Do Ear Seeds Really Do What They Claim?

They may look cute and trendy, but ear seeds are the latest spin-off of a centuries-old treatment and are actually meant to support the needs of patients who suffer from a range of complaints, from the physical to physiological. The use of ear seeds spring from the belief that there are hundreds of acupuncture points in the ear and which links to every organ, hormone and system in the body. To access these points, practitioners and therapists use seeds instead of needles to apply pressure to specific points in the ear, and which are related to a patient's condition.

Two types of seeds are used in the practice: seeds made with metal or crystal beads which are held in place with clear tape that is latex-free, and vaccaria seeds, which naturopaths say are used for people who might have a sensitivity to metals. The seeds are attached to the ear with a tan colored latex tape. Interestingly enough, vaccaria seeds are actually used in traditional acupuncture treatments that involve the liver and stomach, and the treatment is directed at the patient's ear (via Acupuncture Today).

Ear seeds aren't used in traditional acupuncture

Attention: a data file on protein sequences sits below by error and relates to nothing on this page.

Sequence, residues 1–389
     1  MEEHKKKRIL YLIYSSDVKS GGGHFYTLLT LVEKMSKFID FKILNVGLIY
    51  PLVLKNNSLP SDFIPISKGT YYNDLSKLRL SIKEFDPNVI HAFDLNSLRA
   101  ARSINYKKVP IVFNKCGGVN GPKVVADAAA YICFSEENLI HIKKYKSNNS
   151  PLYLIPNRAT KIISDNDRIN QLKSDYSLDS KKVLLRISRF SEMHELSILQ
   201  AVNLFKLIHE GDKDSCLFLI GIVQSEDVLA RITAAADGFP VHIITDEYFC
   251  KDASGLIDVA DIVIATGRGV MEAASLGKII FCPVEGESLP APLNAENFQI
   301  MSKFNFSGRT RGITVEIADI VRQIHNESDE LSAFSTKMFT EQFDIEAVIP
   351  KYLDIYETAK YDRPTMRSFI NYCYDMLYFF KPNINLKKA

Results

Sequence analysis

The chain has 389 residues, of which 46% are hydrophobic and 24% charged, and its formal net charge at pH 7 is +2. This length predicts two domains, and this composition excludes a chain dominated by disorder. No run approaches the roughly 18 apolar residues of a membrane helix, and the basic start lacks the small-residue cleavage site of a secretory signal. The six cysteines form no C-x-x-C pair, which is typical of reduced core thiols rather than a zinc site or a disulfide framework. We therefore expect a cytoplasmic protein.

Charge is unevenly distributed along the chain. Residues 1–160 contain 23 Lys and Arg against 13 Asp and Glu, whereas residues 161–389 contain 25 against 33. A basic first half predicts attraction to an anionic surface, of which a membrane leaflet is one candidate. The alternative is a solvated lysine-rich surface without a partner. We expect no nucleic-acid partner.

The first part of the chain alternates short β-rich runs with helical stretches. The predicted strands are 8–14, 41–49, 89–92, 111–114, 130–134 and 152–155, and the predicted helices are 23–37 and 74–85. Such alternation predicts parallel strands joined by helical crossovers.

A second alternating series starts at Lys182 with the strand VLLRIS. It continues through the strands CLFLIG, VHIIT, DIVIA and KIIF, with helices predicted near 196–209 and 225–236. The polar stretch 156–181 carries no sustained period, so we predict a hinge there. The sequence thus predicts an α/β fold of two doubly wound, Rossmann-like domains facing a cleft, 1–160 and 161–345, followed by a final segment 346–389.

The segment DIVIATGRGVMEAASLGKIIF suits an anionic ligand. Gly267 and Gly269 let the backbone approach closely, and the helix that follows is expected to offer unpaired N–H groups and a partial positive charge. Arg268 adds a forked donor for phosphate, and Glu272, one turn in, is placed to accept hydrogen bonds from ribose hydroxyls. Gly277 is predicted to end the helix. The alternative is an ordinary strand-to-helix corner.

While it has its roots in acupuncture, auriculotherapy isn't a direct offspring of Traditional Chinese Medicine (TCM). The method was discovered and first practiced in Europe during the 1950s, when a French doctor discovered that acupuncture was able to help manage pain levels in a patient. They then created a system of links between the human anatomy and different points in the ear. Today some auriculotherapy practitioners say that there are two types of practice, the Chinese (which was developed by TCM practitioners in the late 20th century), and the French (via Align New York).

That's all great — but do they work? In a 2014 review of the system published in the Journal of Alternative and Complementary Medicine, researchers called the health benefits of ear seeds limited, and possibly overstated. But that shouldn't put you off if you want to give ear seeds a shot, particularly if you want to try a less invasive type of acupuncture (via Health).